Honduras's president dismissed military chief General Romeo Vasquez, center, who refused to distribute ballots aimed at rewriting the constitution.
Honduran President Manuel Zelaya's push to rewrite the constitution, and pave the way for his potential re-election, has plunged one of Latin America's poorest countries into a potentially violent political crisis.
A day after Mr. Zelaya fired the head of the country's armed forces, hundreds of troops on Thursday deployed around the Congress, presidential palace and airport in Tegucigalpa, the country's capital. It wasn't clear whether the troops were responding to orders from Mr. Zelaya, or Honduras' other civilian and military powers, all of which oppose the president.
Mr. Zelaya, a populist and close ally of Venezuela's Hugo Chávez and Cuba's retired dictator Fidel Castro, wants to hold a referendum on Sunday aimed at allowing voters in the country's November presidential election to also vote on rewriting the constitution. Mr. Zelaya says the current constitution favors the country's elites.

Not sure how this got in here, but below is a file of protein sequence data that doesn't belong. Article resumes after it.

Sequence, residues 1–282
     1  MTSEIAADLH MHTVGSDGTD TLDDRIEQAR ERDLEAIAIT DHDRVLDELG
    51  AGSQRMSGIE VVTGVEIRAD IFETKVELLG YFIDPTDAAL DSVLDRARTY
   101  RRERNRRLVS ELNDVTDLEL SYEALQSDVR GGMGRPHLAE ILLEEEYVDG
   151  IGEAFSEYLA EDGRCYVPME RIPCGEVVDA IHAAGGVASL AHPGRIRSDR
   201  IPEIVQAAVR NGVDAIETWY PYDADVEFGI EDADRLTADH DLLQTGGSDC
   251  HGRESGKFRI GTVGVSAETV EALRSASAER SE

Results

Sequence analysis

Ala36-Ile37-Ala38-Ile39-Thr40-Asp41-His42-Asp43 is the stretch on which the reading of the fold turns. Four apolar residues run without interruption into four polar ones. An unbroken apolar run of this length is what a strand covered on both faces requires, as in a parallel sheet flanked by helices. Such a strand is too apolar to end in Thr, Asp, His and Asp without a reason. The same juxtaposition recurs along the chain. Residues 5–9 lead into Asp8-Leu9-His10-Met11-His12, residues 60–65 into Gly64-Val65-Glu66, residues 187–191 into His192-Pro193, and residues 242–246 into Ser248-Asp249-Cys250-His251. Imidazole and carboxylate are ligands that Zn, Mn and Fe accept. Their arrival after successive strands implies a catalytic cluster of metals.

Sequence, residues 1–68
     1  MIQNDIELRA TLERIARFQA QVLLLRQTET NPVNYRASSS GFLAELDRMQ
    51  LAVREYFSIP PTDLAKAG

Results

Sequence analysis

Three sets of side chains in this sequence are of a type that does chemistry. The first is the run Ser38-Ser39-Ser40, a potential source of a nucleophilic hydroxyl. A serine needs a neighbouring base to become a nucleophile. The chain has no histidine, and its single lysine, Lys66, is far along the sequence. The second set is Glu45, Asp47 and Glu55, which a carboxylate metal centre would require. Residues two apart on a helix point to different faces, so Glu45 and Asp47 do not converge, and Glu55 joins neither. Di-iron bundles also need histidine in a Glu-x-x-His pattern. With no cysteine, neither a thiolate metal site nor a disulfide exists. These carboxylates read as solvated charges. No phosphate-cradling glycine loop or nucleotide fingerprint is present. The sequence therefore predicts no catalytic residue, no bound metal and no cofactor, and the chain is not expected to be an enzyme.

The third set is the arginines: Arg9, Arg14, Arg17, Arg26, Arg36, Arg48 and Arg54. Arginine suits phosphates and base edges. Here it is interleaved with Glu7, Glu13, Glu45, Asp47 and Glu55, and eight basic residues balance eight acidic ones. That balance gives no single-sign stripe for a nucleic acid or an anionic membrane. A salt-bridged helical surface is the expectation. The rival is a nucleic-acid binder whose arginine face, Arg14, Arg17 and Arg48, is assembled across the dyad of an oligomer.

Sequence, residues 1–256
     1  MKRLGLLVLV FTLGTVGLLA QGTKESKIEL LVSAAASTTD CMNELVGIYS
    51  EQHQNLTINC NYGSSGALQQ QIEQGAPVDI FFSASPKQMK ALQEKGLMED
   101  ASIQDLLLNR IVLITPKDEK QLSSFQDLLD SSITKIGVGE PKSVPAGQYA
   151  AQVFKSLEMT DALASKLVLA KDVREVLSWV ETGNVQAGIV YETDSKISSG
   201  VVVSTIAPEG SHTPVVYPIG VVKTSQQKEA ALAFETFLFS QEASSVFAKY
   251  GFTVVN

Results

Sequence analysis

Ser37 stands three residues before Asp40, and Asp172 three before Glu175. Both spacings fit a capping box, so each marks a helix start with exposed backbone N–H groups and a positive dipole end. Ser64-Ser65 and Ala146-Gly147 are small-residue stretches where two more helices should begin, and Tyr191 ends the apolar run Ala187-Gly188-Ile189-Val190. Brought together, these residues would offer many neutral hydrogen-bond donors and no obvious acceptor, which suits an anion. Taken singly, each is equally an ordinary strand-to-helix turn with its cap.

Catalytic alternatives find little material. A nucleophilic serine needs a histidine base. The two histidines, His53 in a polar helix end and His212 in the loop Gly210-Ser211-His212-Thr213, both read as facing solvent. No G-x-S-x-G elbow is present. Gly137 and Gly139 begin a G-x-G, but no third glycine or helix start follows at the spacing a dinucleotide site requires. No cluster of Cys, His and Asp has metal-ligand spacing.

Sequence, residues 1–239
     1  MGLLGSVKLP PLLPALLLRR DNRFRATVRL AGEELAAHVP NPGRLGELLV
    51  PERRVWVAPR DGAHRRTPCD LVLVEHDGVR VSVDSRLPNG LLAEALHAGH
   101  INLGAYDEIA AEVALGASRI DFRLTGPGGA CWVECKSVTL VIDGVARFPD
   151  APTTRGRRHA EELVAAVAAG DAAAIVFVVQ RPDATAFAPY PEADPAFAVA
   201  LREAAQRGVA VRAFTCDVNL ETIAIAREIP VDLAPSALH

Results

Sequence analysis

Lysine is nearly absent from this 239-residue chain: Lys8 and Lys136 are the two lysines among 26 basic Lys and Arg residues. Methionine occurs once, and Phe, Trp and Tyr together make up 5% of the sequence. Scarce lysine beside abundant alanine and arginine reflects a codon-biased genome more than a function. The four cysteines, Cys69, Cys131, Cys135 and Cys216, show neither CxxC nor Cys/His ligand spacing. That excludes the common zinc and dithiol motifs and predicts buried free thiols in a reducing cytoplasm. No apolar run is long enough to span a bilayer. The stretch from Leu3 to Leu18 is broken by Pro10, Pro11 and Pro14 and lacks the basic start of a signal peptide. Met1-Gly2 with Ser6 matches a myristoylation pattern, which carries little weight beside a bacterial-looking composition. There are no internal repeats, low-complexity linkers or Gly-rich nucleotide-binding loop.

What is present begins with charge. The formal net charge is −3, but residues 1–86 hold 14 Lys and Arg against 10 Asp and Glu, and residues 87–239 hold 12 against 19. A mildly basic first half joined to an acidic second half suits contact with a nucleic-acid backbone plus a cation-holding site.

Retired dictator. Just the sound of the phrase is strange. Dictators don't retire. Then again, Fidel is unique.
The country's Supreme Court, top electoral body, and human-rights ombudsman have all declared the planned referendum illegal. Many in the country fear the president primarily wants to change the constitution to end its ban on re-election, and use that to stay in power when his term ends in January.
Just as Chávez, Correa and Morales have done (in Venezuela, Ecuador and Bolivia), he wants to perpetuate his power through 'legal' means, by amending the constitution.
Mr. Zelaya has few supporters among the country's politicians, but is popular among the poor for his ramped-up social spending. His own Liberal Party has already chosen another candidate for the November election and asked the president to step aside.
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